The company expanded, and in 1994 Stillinger sold OddzOn to toy manufacturer Russ Berrie and Company Inc., which in turn was bought by toy behemoth Hasbro (NYSE:HAS) in 1997 for more $100 million. And it all happened a mere 10 years after the first ball was created. (For more on mergers and acquisitions, read our tutorial:Mergers and Acquisitions.)
Every year, millions of children around the globe pen letters to Santa and hope for a response. Byron Reese realized the potential in this market. In 2002, he launched "Santa Mail," a service that allows kids to send letters to the North Pole. Parents enclose a small fee of just $9.95, and little Johnny or Jane receives a personalized letter back from the "big man" himself. By 2009, Santa Mail had responded to nearly 300,000 children. At close to $10 a letter, well, you can do the math - needless to say, it was a little idea that has earned Reese a big return. (Get some tips on how to come up with your own winning business idea. See 10 Breakout Ideas For Small Businesses.)
Lucky Break Wishbones
Are you still a little bitter that, at last year's Thanksgiving dinner, you lost out to your cousin Ned in the annual fight over the lone turkey wishbone? Well, thanks to Ken Ahroni, those days are long over. In 1999, he had something of an epiphany at his family's Thanksgiving dinner table: a family with multiple people would like multiple wishbones. He shuttered his previous consulting business and launched Lucky Break Wishbone Corp. in 2004, in order to sell his one-of-a-kind breakable plastic wishbones. Within two years, the company was generating nearly $1 million in sales through distributors in more than 40 states nationwide. (For more on Thanksgiving expenses, read Keep Thanksgiving Costs From Taking A Fowl Turn.)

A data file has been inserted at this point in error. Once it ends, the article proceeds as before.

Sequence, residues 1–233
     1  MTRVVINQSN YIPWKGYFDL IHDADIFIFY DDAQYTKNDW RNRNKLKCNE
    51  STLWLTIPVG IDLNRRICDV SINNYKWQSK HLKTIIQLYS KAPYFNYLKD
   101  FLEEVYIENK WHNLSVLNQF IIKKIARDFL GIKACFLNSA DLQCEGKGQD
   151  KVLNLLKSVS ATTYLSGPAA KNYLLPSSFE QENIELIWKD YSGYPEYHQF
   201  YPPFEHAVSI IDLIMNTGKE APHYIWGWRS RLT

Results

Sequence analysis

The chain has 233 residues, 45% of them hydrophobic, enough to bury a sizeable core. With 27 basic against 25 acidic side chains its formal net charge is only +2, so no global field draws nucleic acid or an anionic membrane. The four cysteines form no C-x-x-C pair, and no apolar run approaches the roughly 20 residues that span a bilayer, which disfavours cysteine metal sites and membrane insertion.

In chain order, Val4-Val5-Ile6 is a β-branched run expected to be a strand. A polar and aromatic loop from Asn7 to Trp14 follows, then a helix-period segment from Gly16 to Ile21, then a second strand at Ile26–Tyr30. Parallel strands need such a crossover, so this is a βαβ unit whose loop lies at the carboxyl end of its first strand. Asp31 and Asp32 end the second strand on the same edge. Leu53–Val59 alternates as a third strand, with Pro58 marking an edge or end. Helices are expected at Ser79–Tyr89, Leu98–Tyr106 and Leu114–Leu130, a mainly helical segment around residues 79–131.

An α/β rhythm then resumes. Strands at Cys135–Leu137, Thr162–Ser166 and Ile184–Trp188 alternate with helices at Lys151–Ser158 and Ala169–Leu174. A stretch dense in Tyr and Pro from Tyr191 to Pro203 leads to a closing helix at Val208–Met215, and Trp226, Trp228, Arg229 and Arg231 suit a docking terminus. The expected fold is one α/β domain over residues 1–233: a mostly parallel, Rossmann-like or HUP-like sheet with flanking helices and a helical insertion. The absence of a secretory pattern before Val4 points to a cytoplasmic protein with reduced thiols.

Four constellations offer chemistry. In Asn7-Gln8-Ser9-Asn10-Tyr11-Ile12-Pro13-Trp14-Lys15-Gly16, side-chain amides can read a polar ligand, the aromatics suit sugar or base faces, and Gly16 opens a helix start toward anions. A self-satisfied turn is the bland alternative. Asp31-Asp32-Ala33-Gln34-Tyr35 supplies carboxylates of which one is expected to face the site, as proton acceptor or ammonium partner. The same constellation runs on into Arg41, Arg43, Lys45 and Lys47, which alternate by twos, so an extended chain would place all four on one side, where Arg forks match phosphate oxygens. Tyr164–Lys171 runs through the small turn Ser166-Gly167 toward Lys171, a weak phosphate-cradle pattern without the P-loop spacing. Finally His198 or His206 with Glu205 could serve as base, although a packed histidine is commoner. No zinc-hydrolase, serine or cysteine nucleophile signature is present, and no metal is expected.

You've seen them; maybe you even sport one on your car. Those ubiquitous, yellow smiley-faced balls perched atop antennas in parking lots nationwide have made Jason Wall a very wealthy man. Inspired in 1997 by a commercial for the fast food chain Jack in the Box, Wall created some antenna ball designs and began selling them locally through auto stores in
Investing in Far-Out Ideas and Inventions
If you can't come up with your own idea - or don't want to put in the time - you can always invest in another inventor's ingenuity. Inventions can come from anywhere and anyone - friends, family members or even coworkers. But before you start writing checks out to just anyone who promises they have "the next BIG idea," there are five key tips to consider:
- Learn about the industry. If you don't personally know a potential investor in whom to invest, you can learn more about opportunities through industry trade magazines, like Investor's Digest or
's Inventor Magazine, or through organizations like the National Congress of Investor Organizations. (To learn more about specific industries check out our Industry Handbook.) America